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Jack Knox: Will climate fears douse flames in house that May built?

The 2011 federal election campaign coincided with the Canucks’ run to the Stanley Cup finals. So, it was no surprise when those on stage at an all-candidates forum in Sidney joked about missing that night’s game on TV.
Former Green party leader Elizabeth May speaks ahead of the party’s leadership announcement in Ottawa, Saturday October 3, 2020. THE CANADIAN PRESS/Adrian Wyld

The 2011 federal election campaign coincided with the Canucks’ run to the Stanley Cup finals. So, it was no surprise when those on stage at an all-candidates forum in Sidney joked about missing that night’s game on TV.

Except for the Green Party’s Elizabeth May. Instead, she said how sad she was to miss church on Maundy Thursday. For the Mary Winspear Centre audience, it was a flip-the-switch moment, reassuring them about who she was as a person.

Or, at least, they thought “OK, she’s not a nut” — a significant hurdle to clear given the Greens’ ongoing battle against their image, in some quarters, as a fringe party peppered with fringe characters. May won her seat that year, becoming the first elected Green MP in Canada.

Fast forward a decade.

This has not been a fun summer for May. On June 10, she saw Jenica Atwin, the only Green MP not from Vancouver Island, defect to the Liberals. Six days later May had knee-replacement surgery, followed by a difficult recovery.

Wednesday, when May was in the southern Gulf Islands, her husband John Kidder phoned to say a wildfire had come over a ridge and was now within sight of his Ashcroft farm.

It’s a different kind of firestorm that has raged since Atwin’s departure put focus on an internal party dispute triggered by clashing perspectives on Palestine. In the media, the infighting has been framed as a question of whether new, embattled Green leader Annamie Paul, who is Black and Jewish, is a victim of prejudice, or simply isn’t up to the job — either way, not a great look heading into a possible fall federal election.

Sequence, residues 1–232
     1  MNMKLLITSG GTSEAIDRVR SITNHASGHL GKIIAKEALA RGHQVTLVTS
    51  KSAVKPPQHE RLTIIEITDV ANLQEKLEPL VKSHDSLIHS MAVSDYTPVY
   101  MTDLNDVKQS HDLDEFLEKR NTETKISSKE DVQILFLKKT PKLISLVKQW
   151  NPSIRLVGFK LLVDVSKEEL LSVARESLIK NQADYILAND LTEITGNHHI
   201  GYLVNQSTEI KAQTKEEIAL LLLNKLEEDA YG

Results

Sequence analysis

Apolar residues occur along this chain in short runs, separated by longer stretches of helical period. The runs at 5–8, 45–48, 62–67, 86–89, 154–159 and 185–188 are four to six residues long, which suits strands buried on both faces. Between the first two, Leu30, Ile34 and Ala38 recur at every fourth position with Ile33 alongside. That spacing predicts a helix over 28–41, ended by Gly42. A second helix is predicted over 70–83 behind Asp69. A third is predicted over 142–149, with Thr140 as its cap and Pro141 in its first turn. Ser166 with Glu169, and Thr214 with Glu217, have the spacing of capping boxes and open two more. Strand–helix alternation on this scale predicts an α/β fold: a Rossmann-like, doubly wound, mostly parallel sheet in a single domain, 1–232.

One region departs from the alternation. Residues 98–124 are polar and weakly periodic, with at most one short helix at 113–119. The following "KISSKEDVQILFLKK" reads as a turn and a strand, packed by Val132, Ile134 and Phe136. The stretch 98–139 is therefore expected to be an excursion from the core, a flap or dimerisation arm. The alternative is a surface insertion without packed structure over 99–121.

Over the last month, much was made of May’s silence on the matter until, on Tuesday, she released a statement saying she felt compelled to dismiss rumours that she had been involved in the power struggles. “Our leader is Annamie Paul and only our members have authority to call that into question,” she said.

May, who in 2019 stepped down after 13 years as party leader, also said she was “well aware that if I do or say anything about internal party matters, the impact of my comments would be over-sized.”

Wednesday, she elaborated. It wasn’t just politics but post-surgical painkillers that kept her on the sidelines until this week, she said. She acknowledged how much the turmoil has hurt (“I’d be lying if I said it wasn’t heartbreaking”) but said the Greens also endured internal struggles when she was leader. “They just weren’t spilling out into the newspaper.”

She said she expects the election call to blow away the controversy. With the news full of stories of German floods, Lytton, smoke-choked skies, the heat dome and the hundreds of deaths it caused, Canadians are far more worried about a climate crisis than party infighting, she said.

“I don’t think the spate of ­negative coverage is going to make a dent when the writ drops,” she said. “This election is going to be a climate-emergency election.”

Politically, that should favour the Greens, she said, adding that she doesn’t know who makes her madder, politicians who deny climate change or those who accept it but lack urgency in acting. (“I increasingly see myself as a cranky, 67-year-old version of Greta Thunberg,” she said.)

But even as May painted this picture, there was word Wednesday that the fight between Paul and party brass was headed to court. That’s hardly likely to build faith in a party that still flirts with fringe status in much of the country.

That’s something we tend to forget down here in the lower lefthand corner of Canada. In 2019, May earned 49 per cent of the vote in Saanich-Gulf-Islands (where she plans to run again) and the party took 27 per cent on Vancouver Island as a whole (electing the Greens’ other MP, Nanaimo-Ladysmith’s Paul Manly) but it had just 6.5 per cent nationwide.

Yes, the Island tends to be (small g) greener than the rest of the country, but much of the (big G) Green success here has been due to May herself, to her image as being disarmingly warm and good-humoured, and not the sort of person you’re afraid to get stuck in a corner with at a (small p) party. That’s not the image the Greens are projecting now.

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